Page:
Monday, December 22, 2014

Where was it you wanted him kept?

Before I get into the heart of this post, I'm going to say that this may be one of "the icky, cream-filled ones". It could possibly be classified under "how to lose friends and infuriate people."

Between police involved shootings and the report on the CIA torturing prisoners, this holiday season has been difficult for keeping hope alive. Throw social media into the mix and a hot mess just gets hotter and messier. I've tried to keep from posting anything that may cause too heated a comment battle. Following that same mentality, I've bitten the proverbial tongue by keeping my own comments on the posts of others to a minimum. I have been one for getting into pissing matches via comment sections in the past. It really ends in my getting riled up and nothing productive coming from it.

Though I do not follow any religion, I do have many friends who identify themselves as one Christian denomination or other. My feed on Facebook will often contain religious themed quotes; updates on what he/she is doing with his/her particular church group; religious news or pictures, etc. I usually scroll through these things without much thought or analysis since it's really not my thing.

Lately, though, I've been paying closer attention to my feed because I can't believe some of what I've seen. When the CIA shit hit the fan, it hit my news feed as well. Pictures of the events of 9/11/01 were being shared with messages about how the events of that day make the CIA justified in the use of various forms of torture -- the very types of torture most would be enraged over if done to "our" prisoners. There was also a picture floating around of "The Elf on a Shelf" doll being water boarded by a "G.I. Joe" doll who is trying to get information on where the toys are hidden. I decided that was too much for me to handle in my feed so I un-friended or un-followed some people...Christian people.

Then, there are the police shootings and racial tensions that have escalated. Again, I tried to keep from battling folks in cyberspace, including those I actually know in person. One post I did make was to share a statement from Cleveland Browns player, Andrew Hawkins about his choice to wear a t-shirt at a game that was in protest of two police shootings of black people in Ohio. I felt his point-of-view was well stated and I could relate to his anger being at individuals not the police as a whole. When I posted this, someone disagreed with what I posted. I simply said that we were most likely not going to change each other's minds, so we should leave it at that. Somehow, this meant that I was in favor of what a group of protesters had been chanting about killing cops. Wait, what? No. I don't know how that leap was made, but that is not at all anything with which I agree. My agreement with Hawkins' statement is that it is possible to be outraged by the behavior of individuals while supporting the job of police officers in general.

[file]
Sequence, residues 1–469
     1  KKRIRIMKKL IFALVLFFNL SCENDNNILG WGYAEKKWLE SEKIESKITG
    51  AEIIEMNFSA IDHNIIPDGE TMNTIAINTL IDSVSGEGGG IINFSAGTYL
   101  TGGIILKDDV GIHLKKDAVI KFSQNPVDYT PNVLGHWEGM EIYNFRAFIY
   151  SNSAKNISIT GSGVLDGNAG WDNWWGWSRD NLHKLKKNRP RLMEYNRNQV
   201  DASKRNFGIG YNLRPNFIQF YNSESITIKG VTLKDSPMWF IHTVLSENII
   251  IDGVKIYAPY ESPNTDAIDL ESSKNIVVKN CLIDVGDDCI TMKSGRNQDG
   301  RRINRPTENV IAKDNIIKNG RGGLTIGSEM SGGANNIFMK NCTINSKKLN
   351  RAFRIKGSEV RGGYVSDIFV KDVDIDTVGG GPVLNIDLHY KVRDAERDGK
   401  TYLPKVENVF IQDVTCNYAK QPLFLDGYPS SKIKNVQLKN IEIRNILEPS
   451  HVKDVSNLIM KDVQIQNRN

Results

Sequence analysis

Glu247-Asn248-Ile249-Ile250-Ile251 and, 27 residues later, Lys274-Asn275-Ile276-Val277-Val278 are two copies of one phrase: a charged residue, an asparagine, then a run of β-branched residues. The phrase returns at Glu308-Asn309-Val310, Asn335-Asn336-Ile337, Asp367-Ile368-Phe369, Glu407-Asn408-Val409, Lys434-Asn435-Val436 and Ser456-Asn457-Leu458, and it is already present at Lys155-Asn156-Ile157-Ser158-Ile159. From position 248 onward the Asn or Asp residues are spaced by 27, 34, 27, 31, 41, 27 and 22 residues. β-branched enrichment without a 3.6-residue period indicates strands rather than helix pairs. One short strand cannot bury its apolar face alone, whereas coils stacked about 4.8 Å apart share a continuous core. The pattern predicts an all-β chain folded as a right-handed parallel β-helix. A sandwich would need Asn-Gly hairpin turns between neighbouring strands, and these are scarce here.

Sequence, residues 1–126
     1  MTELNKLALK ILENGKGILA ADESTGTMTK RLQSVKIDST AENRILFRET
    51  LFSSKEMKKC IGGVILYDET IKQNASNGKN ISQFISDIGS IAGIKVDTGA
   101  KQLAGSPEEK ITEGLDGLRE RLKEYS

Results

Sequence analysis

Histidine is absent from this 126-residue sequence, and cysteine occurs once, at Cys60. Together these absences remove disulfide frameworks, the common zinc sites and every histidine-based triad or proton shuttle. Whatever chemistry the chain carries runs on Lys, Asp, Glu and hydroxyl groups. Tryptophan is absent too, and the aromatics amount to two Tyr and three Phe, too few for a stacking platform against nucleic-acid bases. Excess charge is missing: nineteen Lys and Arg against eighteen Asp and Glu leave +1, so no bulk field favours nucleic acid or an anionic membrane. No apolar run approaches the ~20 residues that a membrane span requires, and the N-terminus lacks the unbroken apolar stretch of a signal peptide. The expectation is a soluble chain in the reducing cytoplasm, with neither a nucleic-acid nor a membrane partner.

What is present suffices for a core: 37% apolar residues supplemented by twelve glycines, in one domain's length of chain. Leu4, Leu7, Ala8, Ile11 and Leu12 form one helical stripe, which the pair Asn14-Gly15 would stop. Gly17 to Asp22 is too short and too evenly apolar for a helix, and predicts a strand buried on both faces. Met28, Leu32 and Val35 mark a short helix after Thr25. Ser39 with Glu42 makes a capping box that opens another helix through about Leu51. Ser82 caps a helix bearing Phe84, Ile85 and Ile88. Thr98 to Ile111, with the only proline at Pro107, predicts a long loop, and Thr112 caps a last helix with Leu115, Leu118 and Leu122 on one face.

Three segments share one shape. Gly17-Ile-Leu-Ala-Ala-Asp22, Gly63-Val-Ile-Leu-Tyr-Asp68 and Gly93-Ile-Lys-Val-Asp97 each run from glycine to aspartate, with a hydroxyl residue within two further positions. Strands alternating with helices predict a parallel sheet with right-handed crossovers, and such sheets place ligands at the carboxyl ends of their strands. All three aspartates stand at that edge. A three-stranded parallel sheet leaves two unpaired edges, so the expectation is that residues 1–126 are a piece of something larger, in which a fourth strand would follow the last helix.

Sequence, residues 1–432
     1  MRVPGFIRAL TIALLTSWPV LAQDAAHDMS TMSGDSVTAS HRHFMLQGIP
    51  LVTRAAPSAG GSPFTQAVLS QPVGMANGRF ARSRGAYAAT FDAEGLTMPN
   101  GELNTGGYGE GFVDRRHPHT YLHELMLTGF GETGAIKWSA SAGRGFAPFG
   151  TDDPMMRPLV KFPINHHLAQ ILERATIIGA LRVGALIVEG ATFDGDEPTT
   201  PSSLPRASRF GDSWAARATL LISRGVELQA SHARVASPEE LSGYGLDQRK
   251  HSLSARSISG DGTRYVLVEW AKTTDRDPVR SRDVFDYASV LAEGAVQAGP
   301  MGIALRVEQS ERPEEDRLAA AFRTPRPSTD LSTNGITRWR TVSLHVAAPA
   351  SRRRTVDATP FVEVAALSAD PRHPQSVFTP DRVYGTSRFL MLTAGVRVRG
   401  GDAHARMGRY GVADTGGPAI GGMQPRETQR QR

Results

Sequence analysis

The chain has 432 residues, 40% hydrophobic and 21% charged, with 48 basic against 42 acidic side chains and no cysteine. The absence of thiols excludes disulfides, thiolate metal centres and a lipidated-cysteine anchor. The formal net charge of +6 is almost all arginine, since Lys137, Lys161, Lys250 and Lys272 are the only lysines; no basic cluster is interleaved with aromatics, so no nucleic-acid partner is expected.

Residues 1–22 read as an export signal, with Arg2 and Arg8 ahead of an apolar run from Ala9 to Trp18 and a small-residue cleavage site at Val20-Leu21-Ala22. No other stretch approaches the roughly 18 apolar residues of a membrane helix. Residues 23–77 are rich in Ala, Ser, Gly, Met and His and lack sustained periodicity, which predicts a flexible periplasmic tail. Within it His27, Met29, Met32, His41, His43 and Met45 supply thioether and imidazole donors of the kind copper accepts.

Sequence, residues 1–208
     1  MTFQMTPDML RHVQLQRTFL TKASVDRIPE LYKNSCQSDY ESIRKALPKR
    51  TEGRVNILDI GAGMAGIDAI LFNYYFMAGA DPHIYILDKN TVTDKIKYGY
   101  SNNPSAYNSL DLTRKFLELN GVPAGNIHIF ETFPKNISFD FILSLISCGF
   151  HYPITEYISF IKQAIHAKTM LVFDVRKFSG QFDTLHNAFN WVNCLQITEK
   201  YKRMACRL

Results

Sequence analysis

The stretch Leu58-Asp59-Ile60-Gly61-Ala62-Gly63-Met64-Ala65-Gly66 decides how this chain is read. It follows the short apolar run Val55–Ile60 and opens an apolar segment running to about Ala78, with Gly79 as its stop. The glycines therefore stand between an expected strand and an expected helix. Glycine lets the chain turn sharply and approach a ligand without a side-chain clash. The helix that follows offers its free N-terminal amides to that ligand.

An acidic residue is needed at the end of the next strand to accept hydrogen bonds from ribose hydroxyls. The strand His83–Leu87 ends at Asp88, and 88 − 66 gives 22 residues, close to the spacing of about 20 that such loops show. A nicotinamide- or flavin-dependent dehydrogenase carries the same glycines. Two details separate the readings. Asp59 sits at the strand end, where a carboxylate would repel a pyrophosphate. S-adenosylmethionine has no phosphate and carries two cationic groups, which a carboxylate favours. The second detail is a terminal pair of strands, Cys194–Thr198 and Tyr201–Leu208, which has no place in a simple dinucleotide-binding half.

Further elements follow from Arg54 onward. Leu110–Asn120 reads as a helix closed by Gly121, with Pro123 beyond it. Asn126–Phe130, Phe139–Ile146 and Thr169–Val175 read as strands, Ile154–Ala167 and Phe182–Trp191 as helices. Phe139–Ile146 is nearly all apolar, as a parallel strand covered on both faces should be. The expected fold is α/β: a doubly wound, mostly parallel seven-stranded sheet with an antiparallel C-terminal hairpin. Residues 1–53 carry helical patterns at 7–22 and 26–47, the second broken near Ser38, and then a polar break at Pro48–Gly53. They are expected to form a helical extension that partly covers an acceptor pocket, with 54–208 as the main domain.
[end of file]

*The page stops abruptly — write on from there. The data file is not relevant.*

Just like other issues of discrimination, the tensions arise because behaviors of a person or minority of persons belonging to a group are seen as the norm for the group as a whole -- be this religion, gender, sexuality, race, and, now, a profession. This kind of generalizing is like living out synecdoche as more than a simple figure of speech for dramatic effect.